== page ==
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Former major league pitcher Mike Bolsinger sues the Houston Astros over sign-stealing

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Former major league pitcher Mike Bolsinger has filed a civil lawsuit in Los Angeles, accusing the Houston Astros of unfair business practices, negligence and intentional interference with contractual and economic relations arising out of the sign-stealing scandal.

In addition to damages for himself, Bolsinger is asking the court to make the Astros forfeit the roughly $31 million in bonuses from their 2017 World Series title, and for the money to go to children’s charities and for retired baseball players who need financial assistance.

I haven’t seen the lawsuit itself yet, but my gut feeling is that (a) Bolsinger has a very long shot of success here; but (b) the thing might have enough legs to be a pain in the butt of the Astros and Major League Baseball for a time.

Bolsinger being the guy to file the suit is not necessarily shocking. In the past couple of months he has been cited as having been particularly victimized by the Astros. A couple of weeks ago an Astros fan published the data he had complied of the trash-can banging and found that the most bangs took place on August 4, 2017, when the Astros faced the Toronto Blue Jays. Bolsinger appeared in that game and was lit up to the tune of four runs on four hits in only a third of an inning. What’s more, the most bangs in the game came when Bolsinger was on the mound, with 12 of his 29 pitches being identified before he threw them. In the event, the Blue Jays designated him for assignment after the game and he never appeared in the majors again. An argument can be made that the Astros’ sign-stealing ended Bolsinger’s career.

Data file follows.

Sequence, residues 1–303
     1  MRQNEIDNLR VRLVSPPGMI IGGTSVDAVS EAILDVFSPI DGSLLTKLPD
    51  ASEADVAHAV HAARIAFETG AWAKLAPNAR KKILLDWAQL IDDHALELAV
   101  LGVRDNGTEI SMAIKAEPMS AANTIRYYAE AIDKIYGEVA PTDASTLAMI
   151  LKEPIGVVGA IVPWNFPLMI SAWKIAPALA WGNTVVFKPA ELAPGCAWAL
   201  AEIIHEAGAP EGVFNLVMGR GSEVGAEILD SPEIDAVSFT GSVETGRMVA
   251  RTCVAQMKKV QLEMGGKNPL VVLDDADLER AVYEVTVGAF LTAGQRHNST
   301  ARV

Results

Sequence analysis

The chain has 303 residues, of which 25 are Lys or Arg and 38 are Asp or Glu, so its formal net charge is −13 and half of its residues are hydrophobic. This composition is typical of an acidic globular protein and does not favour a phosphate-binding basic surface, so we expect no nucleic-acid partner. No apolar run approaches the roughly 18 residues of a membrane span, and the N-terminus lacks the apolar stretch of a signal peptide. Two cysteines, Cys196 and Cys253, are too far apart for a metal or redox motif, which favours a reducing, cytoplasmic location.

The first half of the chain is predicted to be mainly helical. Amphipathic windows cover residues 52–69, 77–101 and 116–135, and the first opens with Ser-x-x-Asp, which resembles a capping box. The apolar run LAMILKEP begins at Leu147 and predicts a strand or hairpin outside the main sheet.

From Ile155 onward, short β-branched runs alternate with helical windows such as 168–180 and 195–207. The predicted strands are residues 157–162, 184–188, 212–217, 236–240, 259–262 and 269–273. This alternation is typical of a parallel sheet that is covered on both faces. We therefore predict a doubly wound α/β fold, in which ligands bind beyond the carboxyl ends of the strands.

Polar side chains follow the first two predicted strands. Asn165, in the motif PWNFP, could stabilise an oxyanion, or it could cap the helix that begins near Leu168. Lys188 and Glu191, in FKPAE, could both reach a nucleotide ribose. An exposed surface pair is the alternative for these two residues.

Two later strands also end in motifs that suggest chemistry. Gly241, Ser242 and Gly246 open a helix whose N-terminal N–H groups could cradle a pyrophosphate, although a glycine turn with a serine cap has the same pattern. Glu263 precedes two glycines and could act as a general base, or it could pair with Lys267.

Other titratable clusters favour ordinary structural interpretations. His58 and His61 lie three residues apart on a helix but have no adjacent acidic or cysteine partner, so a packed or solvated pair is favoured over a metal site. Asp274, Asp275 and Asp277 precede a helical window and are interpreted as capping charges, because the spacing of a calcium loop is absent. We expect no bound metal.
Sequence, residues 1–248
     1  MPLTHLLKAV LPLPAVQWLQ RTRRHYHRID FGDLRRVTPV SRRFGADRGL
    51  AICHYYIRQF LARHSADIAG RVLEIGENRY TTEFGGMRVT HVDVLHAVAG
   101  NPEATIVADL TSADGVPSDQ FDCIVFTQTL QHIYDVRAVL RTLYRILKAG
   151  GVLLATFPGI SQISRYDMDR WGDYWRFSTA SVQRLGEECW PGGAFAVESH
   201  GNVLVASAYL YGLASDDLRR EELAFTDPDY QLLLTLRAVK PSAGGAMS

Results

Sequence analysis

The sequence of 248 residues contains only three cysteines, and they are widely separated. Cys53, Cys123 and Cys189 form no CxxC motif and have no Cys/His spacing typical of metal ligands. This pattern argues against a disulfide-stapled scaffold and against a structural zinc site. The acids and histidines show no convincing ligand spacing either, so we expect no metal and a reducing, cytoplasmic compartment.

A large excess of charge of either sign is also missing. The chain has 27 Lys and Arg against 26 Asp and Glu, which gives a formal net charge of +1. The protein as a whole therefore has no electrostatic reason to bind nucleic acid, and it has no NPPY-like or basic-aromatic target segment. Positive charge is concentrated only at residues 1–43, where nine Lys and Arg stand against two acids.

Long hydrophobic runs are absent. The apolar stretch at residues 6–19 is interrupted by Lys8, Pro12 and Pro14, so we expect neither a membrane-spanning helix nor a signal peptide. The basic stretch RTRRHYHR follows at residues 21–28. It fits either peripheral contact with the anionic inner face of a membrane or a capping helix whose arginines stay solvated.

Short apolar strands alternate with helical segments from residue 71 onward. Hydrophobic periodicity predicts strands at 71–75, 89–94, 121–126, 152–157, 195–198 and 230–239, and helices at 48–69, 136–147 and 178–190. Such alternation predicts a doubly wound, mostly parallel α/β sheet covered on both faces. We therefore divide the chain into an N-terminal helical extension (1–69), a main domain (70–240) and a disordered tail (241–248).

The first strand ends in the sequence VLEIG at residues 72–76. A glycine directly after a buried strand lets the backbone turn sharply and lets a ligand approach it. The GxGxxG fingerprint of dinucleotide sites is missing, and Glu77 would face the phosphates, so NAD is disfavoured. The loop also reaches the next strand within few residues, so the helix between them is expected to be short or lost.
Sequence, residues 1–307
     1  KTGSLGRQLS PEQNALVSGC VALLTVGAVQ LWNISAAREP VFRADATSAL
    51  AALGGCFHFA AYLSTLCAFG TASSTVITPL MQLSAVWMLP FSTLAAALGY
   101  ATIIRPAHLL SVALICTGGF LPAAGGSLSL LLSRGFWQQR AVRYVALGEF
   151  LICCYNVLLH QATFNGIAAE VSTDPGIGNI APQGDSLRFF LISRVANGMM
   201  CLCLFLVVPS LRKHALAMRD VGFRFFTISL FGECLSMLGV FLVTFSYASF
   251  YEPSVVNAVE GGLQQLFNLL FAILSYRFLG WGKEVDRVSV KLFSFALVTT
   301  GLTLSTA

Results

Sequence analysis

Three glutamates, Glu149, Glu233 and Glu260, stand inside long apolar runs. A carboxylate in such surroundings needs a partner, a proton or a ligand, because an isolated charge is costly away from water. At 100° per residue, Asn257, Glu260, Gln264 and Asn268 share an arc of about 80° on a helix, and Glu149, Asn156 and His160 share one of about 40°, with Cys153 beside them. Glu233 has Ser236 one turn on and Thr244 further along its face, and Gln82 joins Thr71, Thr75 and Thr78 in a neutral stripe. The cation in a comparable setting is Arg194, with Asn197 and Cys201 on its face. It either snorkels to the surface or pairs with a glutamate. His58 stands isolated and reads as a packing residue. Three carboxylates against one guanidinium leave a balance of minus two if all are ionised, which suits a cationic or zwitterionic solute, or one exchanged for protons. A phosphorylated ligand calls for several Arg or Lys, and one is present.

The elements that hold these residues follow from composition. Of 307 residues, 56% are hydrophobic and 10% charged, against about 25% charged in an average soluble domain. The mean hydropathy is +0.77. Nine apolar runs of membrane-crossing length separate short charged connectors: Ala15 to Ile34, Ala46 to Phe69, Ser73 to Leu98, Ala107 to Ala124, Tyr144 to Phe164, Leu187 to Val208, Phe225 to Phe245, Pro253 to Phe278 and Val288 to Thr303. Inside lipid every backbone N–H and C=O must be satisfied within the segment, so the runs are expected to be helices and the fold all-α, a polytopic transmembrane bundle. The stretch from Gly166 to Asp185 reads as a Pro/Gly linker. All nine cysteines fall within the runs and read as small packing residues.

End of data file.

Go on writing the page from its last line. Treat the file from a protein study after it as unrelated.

But another case can be made too: the case that, in reality, Bolsinger’s career was not long for the world anyway. Yes, that Astros game was bad, but he had been less-than-effective for almost the entirety of his career before that. He posted an overall ERA of 6.31 in 2017, with it going up a good bit because of that Astros game, but he had a 6.83 ERA with the Dodgers the year before and he never faced the Astros then. If you’re the lawyer for the Astros, you could probably line up a lot of expert witnesses — analysts, scouts, neutral front office folks — who would punch holes in the notion that Bolsinger’s career ended because of the Astros or that he was particularly damaged as a result.

But that’s a matter of evidence, and you don’t get to a place in a lawsuit where the judge is analyzing the evidence until after discovery is undertaken. Depositions, documents, sworn answers to written questions. To get into that stuff, all Bolsinger has to have done is to make allegations which, if later proven to be true, would entitle him to recovery. Again, I haven’t seen the complaint yet, but I don’t know that that would be particularly difficult. This is not like a case where an aggrieved fan files a lawsuit because they feel ripped off. It’s not even a situation where some gambler says he lost money betting against the Astros’ opposition. Those are plaintiffs who are a step removed from the action on the field and who courts frequently say do not have standing to sue. A player, theoretically at least, can say they were directly damaged by the fraud perpetrated upon them. We’ll see.